To manufacture the femoral and branch arteries, a long rod 37 and two short rods 38 and 38′ are placed in the primary mold 15. The end of the long rods 37 extend through an opening 22 formed on the end plate 21 on the mold member 20. The short rods 38, 38′ are aligned diagonally inside the primary mold 15 with the proximal ends touching the long rod 37 and the distal ends extending through openings 18, 23 formed on the sides of the outer linings 16A, 20A of the two mold members 16, 20. By placing the proximal ends of the short rods 38, 38′ adjacent to the long rod 37, long and short conduits 27, 33, 33′ appear to be connecting to the long conduit 27. Also, by extending the ends of the rods 37, 38, 38′ through the openings 18, 22, 23, the rods 37, 38, 38′ can be easily grasped and removed from the phantom 10 after the composition 11 has cured as shown in
After the rods 37, 38, 38′ have been properly placed in the primary mold 15 and the two mold members 16, 20 have been connected together, the chemical composition 11 is poured into the fill opening 28 to completely fill the inside leg-shaped cavity and to covering the rods 37, 38, and 38′. After the chemical composition 11 has cooled and cured, the rods 37, 38, 38′ are removed and the two mold members 16, 20 are disconnected.
In the preferred embodiment, short plugs 40 are placed into the end openings 30, 36, 36′ on the conduits 27, 33, 33′, respectively. A suitable glue or adhesive 41 may be used to hold the short plugs 40 in the conduits 27, 33, 33′. In the preferred embodiment, the short plugs 40 are made of the chemical composition 11 so that the short plugs 40 blend into the surround phantom 10 and are not visible during the ultrasonic imaging procedure.
In some instances, it is desirable to fill the conduits 27, 33, 33′ with a blood-simulating fluid 45. In the preferred embodiment, the blood simulating fluid 45 is made of 20% polyethylene glycol, 79.5% distilled water, 0.5% red food coloring and 0.2% sodium benzoate which acts as a preservative. A red or blue color dye may also be added to the fluid 45 to indicate if the blood vessel is an artery or vein, respectively. The blood-simulating fluid 45 may be injected into the conduits 33, 33′ with a suitable syringe and needle. When a large quantity of fluid 45 is needed such as the amount needed to fill the long conduit 27, the fluid 45 may be dispensed via a nozzle 46 connected to a delivery tube 47 and a large volume container.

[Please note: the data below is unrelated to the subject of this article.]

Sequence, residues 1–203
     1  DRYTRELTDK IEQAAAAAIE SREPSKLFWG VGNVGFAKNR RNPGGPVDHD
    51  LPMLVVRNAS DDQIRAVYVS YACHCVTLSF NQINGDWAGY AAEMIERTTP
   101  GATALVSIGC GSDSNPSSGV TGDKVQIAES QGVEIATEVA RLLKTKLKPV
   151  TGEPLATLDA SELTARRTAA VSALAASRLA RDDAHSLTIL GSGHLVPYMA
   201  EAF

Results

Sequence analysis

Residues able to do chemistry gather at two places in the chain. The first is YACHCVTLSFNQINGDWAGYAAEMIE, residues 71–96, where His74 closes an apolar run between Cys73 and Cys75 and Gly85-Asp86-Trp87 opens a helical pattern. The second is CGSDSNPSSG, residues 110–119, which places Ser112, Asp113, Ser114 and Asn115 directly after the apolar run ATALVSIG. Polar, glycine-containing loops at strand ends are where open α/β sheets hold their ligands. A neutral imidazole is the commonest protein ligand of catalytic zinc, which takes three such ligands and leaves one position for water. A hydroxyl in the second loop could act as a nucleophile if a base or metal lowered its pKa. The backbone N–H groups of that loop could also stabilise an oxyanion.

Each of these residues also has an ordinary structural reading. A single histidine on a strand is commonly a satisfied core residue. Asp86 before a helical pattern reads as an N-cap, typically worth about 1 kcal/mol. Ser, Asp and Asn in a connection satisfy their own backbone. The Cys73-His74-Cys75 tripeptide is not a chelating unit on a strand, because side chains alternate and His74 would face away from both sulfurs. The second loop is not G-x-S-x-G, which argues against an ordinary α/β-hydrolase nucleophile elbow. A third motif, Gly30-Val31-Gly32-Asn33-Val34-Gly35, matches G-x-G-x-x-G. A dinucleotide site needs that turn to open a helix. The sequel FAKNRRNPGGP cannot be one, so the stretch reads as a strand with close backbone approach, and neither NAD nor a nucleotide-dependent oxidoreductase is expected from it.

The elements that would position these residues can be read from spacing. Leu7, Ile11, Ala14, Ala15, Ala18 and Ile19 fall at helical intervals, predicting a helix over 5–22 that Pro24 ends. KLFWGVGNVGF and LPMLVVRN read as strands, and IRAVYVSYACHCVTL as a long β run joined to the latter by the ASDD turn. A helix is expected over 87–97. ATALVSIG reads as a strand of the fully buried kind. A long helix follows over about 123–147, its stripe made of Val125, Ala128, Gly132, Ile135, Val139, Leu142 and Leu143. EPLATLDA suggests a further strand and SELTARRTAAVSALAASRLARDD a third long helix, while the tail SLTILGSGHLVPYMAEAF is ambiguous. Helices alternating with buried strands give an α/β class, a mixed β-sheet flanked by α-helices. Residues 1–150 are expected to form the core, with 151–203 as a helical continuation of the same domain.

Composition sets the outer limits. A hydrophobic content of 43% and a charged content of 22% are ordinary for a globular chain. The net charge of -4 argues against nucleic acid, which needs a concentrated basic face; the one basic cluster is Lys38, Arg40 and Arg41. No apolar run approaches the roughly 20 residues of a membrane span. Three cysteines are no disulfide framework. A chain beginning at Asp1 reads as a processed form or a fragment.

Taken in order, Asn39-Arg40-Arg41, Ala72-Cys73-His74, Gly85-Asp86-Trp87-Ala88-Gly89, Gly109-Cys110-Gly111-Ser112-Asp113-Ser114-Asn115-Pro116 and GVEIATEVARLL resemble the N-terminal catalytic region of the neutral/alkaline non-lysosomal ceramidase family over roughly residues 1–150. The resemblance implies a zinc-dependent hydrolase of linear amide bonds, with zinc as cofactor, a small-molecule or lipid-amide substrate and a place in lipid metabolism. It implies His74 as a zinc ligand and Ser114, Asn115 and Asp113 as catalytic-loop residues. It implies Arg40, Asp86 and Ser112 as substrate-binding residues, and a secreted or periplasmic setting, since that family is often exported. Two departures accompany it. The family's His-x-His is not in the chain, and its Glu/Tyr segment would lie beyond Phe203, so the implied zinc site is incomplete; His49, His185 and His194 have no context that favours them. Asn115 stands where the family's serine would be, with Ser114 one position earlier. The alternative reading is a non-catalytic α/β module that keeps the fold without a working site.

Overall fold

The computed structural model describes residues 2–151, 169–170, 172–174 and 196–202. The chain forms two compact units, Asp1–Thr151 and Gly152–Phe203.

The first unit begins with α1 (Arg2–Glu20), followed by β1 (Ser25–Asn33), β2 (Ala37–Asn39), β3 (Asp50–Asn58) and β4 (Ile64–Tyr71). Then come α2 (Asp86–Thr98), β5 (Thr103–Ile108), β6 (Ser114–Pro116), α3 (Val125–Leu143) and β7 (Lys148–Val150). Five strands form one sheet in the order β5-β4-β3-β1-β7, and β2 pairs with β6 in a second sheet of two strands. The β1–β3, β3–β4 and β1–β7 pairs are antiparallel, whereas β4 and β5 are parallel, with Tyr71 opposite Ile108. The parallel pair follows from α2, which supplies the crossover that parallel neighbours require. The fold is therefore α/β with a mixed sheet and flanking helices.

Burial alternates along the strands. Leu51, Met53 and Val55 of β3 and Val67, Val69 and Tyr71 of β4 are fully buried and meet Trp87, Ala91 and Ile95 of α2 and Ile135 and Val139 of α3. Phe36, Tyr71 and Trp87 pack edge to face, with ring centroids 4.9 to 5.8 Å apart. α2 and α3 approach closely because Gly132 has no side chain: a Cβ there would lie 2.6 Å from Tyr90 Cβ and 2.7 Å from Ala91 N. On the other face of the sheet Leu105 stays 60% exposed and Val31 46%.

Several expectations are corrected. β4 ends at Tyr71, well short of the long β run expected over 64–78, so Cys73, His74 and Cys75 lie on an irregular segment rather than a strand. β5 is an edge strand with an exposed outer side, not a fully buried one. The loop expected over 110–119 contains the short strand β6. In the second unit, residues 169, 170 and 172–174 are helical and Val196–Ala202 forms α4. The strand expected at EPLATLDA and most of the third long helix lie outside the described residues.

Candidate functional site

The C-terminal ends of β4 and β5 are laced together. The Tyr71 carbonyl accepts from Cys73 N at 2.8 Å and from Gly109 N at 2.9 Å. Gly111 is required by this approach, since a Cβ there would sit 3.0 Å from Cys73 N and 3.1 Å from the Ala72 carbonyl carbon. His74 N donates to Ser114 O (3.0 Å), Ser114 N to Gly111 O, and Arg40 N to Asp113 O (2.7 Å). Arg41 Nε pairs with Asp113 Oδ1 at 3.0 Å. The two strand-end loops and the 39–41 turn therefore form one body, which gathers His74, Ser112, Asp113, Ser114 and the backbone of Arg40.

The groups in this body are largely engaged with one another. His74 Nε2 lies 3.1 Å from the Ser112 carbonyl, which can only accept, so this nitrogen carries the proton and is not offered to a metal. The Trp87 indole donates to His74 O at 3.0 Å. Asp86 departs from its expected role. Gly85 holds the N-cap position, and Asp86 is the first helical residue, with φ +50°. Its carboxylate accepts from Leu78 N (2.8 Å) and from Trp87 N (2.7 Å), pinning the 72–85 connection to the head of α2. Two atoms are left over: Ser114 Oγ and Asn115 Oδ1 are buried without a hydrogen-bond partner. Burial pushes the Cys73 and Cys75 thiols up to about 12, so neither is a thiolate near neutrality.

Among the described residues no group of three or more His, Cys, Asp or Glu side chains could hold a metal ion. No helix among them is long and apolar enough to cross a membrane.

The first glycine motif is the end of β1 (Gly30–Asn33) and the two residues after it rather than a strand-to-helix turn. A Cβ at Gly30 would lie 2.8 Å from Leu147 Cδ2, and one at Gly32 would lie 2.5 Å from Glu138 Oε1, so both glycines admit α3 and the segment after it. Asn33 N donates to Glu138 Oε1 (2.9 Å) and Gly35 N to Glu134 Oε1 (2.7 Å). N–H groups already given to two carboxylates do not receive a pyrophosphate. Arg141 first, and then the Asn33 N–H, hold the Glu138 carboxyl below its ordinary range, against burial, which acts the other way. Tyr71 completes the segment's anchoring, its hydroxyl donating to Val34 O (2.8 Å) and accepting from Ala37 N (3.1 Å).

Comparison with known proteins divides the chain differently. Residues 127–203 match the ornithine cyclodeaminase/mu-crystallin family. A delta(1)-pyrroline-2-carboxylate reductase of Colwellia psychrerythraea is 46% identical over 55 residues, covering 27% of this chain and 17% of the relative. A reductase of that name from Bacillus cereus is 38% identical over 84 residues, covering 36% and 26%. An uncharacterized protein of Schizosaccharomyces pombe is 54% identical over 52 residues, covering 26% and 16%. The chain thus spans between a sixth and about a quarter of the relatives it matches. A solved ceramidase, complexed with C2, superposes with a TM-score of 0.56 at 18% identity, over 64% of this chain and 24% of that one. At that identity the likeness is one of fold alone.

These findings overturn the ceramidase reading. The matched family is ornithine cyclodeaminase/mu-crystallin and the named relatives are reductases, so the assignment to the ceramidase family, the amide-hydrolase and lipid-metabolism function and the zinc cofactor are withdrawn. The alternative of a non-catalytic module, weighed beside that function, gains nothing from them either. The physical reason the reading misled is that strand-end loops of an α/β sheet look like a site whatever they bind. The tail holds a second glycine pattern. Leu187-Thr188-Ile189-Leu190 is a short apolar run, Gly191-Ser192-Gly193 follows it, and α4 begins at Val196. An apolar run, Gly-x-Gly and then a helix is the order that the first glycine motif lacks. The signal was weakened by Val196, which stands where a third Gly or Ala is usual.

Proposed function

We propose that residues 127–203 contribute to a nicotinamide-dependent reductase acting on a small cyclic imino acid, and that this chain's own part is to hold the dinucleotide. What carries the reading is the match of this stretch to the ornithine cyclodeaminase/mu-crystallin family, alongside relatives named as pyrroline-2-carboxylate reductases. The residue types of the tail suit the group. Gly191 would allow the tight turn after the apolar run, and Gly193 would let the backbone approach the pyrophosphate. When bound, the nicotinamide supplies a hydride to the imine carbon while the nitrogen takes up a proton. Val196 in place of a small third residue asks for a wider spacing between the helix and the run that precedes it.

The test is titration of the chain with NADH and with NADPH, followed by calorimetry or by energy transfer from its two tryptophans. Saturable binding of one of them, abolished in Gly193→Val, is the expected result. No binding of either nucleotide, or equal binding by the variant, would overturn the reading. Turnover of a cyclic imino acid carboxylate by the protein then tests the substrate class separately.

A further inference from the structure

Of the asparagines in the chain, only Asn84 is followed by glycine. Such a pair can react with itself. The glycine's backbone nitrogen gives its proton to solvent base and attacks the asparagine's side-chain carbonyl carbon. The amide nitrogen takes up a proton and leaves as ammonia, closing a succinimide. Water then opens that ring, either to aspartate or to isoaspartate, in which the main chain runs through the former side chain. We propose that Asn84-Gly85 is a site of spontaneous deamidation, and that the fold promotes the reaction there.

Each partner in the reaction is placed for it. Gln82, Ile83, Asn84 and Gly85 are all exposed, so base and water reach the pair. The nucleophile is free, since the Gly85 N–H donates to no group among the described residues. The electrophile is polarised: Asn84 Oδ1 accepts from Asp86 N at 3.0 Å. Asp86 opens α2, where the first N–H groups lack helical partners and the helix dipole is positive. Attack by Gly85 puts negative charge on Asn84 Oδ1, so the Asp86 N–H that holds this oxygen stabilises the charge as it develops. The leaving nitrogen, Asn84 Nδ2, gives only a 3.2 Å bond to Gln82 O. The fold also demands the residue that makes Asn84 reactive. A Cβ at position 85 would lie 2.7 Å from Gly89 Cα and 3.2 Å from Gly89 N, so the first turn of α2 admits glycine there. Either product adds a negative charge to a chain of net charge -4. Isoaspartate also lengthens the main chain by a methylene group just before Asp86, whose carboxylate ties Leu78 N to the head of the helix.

As shown in
Also, solid, smaller objects 55, such as glass beads or marbles, may be scattered in the phantom 10 to mimic small tumors, thrombus or calcifications.
To create a large cavity, organ or tumor in the phantom 10, a spherical or oval-shaped secondary mold 60 with a narrow, elongated handle 62 may be placed inside the primary mold 15 at a desired location. The end 63 of the elongated handle 62 is positioned adjacent to the inside surface of the primary mold's outer lining. After the chemical composition 11 has been poured into the primary mold 15 and surrounds the secondary mold 60, the chemical composition 11 is allowed to cure. After curing, the phantom 10 is removed from the primary mold 15. The end of the elongated handle 62 is then pulled to extract the spherical mold 60 from phantom 10 as shown in
In the preferred embodiment, the phantom 10 represents an anatomical structure, such as a leg as shown in
In addition to the above described phantom, a method of manufacturing an ultrasonic imaging phantom is also disclosed which comprises the following steps:
a. forming a primary mold designed to form a human anatomical casting;
b. selecting a suitable volume of thermoplastic elastomers that when heated fills said primary mold;
c. heating the thermoplastic elastomer until melted;
d. selecting one or more sound scattering compounds capable of causing a diffuse scattering pattern in said phantom;
e. mixing said scattering compounds in said melted thermoplastic elastomer;
f. pouring the melted thermoplastic elastomer and scattering agent into said primary mold.
a suitable mold; and,
g. removing said phantom from said primary mold.
In compliance with the statute, the invention described herein has been described in language more or less specific as to structural features. It should be understood, however, that the invention is not limited to the specific features shown, since the means and construction shown is comprised only of the preferred embodiments for putting the invention into effect. The invention is therefore claimed in any of its forms or modifications within the legitimate and valid scope of the amended claims, appropriately interpreted in accordance with the doctrine of equivalents.
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|U.S. Classification||434/272, 434/267|
|Cooperative Classification||G09B23/286, G09B23/303|
|European Classification||G09B23/28R, G09B23/30F|
|Jan 17, 2011||FPAY||Fee payment|
Year of fee payment: 4
|Nov 8, 2012||AS||Assignment|
Owner name: CAE HEALTHCARE, INC., FLORIDA
Free format text: ASSIGNMENT OF ASSIGNORS INTEREST;ASSIGNOR:KEEGAN, BRIAN;REEL/FRAME:029266/0861
Effective date: 20121105
|Jun 26, 2013||AS||Assignment|
Owner name: CAE HEALTHCARE CANADA INC., QUEBEC
Free format text: CHANGE OF NAME;ASSIGNOR:CAE HEALTHCARE, INC.;REEL/FRAME:030689/0065
Effective date: 20120404
|Jan 26, 2015||FPAY||Fee payment|
Year of fee payment: 8